Inside the Arcade: Galaga (1981)
I had a handful of best friends growing up. This was one of them.
If you walked into any medium-sized arcade in the early 80s, you were guaranteed to find two things: Pac-Man and Galaga. The universal popularity of these two machines made them essential building blocks for anyone looking to start an arcade.
Pac-Man was a groundbreaking game. It was early, it was unique, and it was fun. But it was also helped along by a media blitz called Pac-Man Fever: Nightly news stories of teenagers losing their minds, constant word of mouth, a Pac-Man cereal, and, believe it or not, even a Saturday morning cartoon.
Galaga’s road to prominence was less sexy. There was no “fever,” no cereal, no cartoon. And yet, it remains one of the greatest arcade games of all time. Why? Because it was a great game, and gamers loved it.
In 1981, Galaga moved into the realm left vacant by the waning popularity of the first “holy crap” moment generated by Space Invaders. Once Space Invaders made its successful leap to the Atari 2600 and stopped becoming a must-play at the arcade, Galaga moved in to take over the space-themed throne, and it never really left.
The simplicity and complexity, the playability, and the challenge of navigating your spaceship through stage after stage of various space bugs were just captivating.
No matter what new machine landed in the arcade, at some point I always found my way back to Galaga because it never failed.
What I loved most about this game was that you couldn’t hide. If the rain of bombs and enemy bugs became too much, you might find yourself trying to tuck your ship into the corner of the screen. But if you stayed there for even a split second, you were dead. They’d find you.
The key to Galaga was to keep moving and keep firing. That constant movement is what created a flow, almost a state of Zen, when things were going well. And if you could catch a good wave you could plow through stages (and then Challenging Stages) and rack up points and extra men. But you had to stay sharp as things could go south in an instant.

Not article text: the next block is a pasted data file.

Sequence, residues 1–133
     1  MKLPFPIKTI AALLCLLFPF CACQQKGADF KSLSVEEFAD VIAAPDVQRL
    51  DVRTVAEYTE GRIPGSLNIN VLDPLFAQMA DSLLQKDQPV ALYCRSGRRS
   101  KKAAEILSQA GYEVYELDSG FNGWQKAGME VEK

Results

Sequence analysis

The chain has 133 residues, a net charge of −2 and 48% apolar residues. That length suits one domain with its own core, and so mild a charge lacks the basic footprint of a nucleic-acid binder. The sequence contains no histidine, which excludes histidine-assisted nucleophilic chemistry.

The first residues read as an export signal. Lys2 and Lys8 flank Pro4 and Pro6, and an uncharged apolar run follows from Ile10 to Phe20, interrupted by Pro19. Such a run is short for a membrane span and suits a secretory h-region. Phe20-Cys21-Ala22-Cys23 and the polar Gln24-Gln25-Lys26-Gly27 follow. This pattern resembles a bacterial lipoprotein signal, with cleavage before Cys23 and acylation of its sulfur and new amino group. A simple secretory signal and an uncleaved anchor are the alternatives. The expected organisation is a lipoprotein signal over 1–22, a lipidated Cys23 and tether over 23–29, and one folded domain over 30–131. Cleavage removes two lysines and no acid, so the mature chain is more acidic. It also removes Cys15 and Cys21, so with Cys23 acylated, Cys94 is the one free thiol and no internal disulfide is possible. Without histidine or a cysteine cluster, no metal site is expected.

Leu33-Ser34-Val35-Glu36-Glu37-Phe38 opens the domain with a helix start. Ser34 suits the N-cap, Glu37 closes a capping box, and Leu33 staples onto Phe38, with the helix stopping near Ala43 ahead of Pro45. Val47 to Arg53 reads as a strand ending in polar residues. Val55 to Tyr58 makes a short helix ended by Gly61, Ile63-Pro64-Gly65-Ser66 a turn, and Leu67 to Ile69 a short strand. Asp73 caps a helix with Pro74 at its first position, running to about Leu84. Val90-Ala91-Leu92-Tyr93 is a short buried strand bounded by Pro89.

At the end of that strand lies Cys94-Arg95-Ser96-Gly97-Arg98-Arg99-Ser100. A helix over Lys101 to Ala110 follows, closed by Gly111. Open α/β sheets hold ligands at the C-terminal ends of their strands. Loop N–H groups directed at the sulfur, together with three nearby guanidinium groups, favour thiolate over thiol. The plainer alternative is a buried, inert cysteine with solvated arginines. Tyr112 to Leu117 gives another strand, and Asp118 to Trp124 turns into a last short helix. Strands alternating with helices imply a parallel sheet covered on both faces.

If both ships went down in, say, stage 21, a restart was hard. To acquire another side-by-side formation at that point in the game was not easy. Sometimes I could get back on the horse. Sometimes I couldn’t.
But one day I managed to do something incredible. My mom had a vintage Galaga machine at her house in Florida. Every morning while visiting her I’d get some coffee and play a few games to start the day. During one of these games, I looked at my score and extra men and realized I was doing really well. It seemed like I had a chance to reach 1,000,000 points. Could I do it? Well, we were gonna find out.
About an hour later on a stage that must have been north of 100, I reached 1,000,000 points. The score up top returned to 0. I had flipped the board. I’m sorry to say that nothing special happened inside the game. There was no kill screen or the like. The game just continued as before. I guess they hadn’t planned on many people getting that far. And considering it was a game designed in 1981, I couldn’t really blame them. So, I played a few more stages and then scuttled the rest of my ships. I had conquered Galaga, but I hadn’t beaten it. And I never will, because you can’t.
But that doesn’t stop me from coming back, even to this day. Whenever I see a Galaga machine in a vintage arcade it’s like seeing a dear old friend. And I always pop in a quarter and say hello.